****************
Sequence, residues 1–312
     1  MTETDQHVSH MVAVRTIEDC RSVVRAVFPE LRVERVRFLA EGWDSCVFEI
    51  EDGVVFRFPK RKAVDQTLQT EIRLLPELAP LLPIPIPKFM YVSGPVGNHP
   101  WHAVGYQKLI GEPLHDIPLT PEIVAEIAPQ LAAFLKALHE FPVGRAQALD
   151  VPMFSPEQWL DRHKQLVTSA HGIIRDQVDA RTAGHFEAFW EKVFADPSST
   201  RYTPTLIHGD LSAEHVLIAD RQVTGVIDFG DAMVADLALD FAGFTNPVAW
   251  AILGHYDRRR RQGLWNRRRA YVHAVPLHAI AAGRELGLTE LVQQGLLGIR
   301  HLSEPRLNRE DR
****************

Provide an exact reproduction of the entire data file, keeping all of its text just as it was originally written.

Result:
Sequence, residues 1–312
     1  MTETDQHVSH MVAVRTIEDC RSVVRAVFPE LRVERVRFLA EGWDSCVFEI
    51  EDGVVFRFPK RKAVDQTLQT EIRLLPELAP LLPIPIPKFM YVSGPVGNHP
   101  WHAVGYQKLI GEPLHDIPLT PEIVAEIAPQ LAAFLKALHE FPVGRAQALD
   151  VPMFSPEQWL DRHKQLVTSA HGIIRDQVDA RTAGHFEAFW EKVFADPSST
   201  RYTPTLIHGD LSAEHVLIAD RQVTGVIDFG DAMVADLALD FAGFTNPVAW
   251  AILGHYDRRR RQGLWNRRRA YVHAVPLHAI AAGRELGLTE LVQQGLLGIR
   301  HLSEPRLNRE DR